AWA's Learning Programme for 2017 launched in March with the start of our Spring Workshops Season.
Our Spring Season Workshops are inspired by the Earth Charter, a universal expression of ethical principles to foster a more sustainable future. As part of our learning programme these workshops will be the first in a series which will introduce students aged 5 -11 to key Ecoliteracy concepts through placed based learning adventures. AWA is delighted to be partnering with Isle of Gigha Primary School to facilitate the start of this new workshop series.
Our first workshop introduced the process of decomposition to students through a costal Litter Hunt and a group drawing session. The second half of this workshop explored plastics in the marine environment through global and local case studies and the creation of collage works by students.
Our Systems Thinking Workshop centred around a coastal expedition where students identified and gathered living things. Group drawings at our beach lab introduced the concept of ecosystems and gave the opportunity for students to express and explore the relationships between living things, their environment and human beings. A huge thank you to Amrutha Krishna R, Annabelle Action-Bond, Victor Okechukwu from Earth Charter International's Ethics, Leadership and Sustainability Programme 2017 and Sarah Dobson from Earth Charter International for their input and support for this workshop.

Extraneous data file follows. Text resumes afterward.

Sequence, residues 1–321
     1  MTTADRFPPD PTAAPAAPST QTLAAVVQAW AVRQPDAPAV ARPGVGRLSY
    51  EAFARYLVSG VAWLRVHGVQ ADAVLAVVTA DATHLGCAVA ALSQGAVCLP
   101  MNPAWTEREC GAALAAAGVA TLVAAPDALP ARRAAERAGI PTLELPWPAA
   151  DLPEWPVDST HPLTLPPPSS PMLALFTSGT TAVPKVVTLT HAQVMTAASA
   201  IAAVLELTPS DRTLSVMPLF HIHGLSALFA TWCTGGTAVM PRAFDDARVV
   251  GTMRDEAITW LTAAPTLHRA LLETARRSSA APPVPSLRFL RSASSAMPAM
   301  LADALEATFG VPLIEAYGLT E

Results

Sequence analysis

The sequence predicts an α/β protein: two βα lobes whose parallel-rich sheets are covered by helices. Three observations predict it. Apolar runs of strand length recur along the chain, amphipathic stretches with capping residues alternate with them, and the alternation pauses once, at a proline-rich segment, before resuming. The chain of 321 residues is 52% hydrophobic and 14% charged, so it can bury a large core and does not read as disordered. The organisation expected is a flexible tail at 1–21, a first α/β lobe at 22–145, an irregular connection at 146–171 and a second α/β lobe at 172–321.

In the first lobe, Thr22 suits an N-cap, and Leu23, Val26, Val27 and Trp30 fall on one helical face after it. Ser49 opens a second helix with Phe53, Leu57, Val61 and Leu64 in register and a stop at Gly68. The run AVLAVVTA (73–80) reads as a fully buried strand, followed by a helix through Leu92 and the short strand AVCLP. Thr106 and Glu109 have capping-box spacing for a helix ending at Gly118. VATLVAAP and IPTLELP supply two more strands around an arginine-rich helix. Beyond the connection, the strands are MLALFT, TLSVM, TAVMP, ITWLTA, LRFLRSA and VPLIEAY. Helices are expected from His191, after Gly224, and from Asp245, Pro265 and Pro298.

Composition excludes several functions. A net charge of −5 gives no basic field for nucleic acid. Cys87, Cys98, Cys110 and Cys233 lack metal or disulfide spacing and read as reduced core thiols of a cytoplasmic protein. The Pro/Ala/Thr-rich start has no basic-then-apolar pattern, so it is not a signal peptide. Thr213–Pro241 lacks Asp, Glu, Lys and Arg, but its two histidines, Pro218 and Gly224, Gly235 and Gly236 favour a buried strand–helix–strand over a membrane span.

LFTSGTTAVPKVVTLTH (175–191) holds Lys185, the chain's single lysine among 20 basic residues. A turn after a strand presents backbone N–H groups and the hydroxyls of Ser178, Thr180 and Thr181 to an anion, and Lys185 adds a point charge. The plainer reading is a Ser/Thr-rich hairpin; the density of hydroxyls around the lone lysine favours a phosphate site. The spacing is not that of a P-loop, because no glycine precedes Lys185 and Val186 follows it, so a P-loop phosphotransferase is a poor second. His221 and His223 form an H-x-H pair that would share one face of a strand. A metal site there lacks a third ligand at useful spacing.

TO FIND OUT MORE SEE OUR EVENTS BELOW
AWA's workshops change from season to season. To find out more about our other workshops and our 2017 Learning Programme visit our learning page. You can also sign up to our news letter for updates on all our learning services through out the year and stay connected with live updates via our social media.
Dedicated to sculpture and environmental arts, Jupiter Artland is a historic estate radically transformed through one couples contemporary vision.
Robert and Nicky Wilson bought the Jacobean Mannor, Bonninton House and its estate in 1999. Since then Jupiter Artland has slowly emerged through their woodlands from the ground up. The Estate hosts a contemporary permanent collection with works by internationally acclaimed artists such as Antony Gormley, Cornelia Parker and Andy Goldsworthy. This permanent collection sits alongside a programme of temporary exhibitions through out the year. These exhibitions invite visitors to consider their environment and how they interact with it through new, site specific, experiential and experimental works.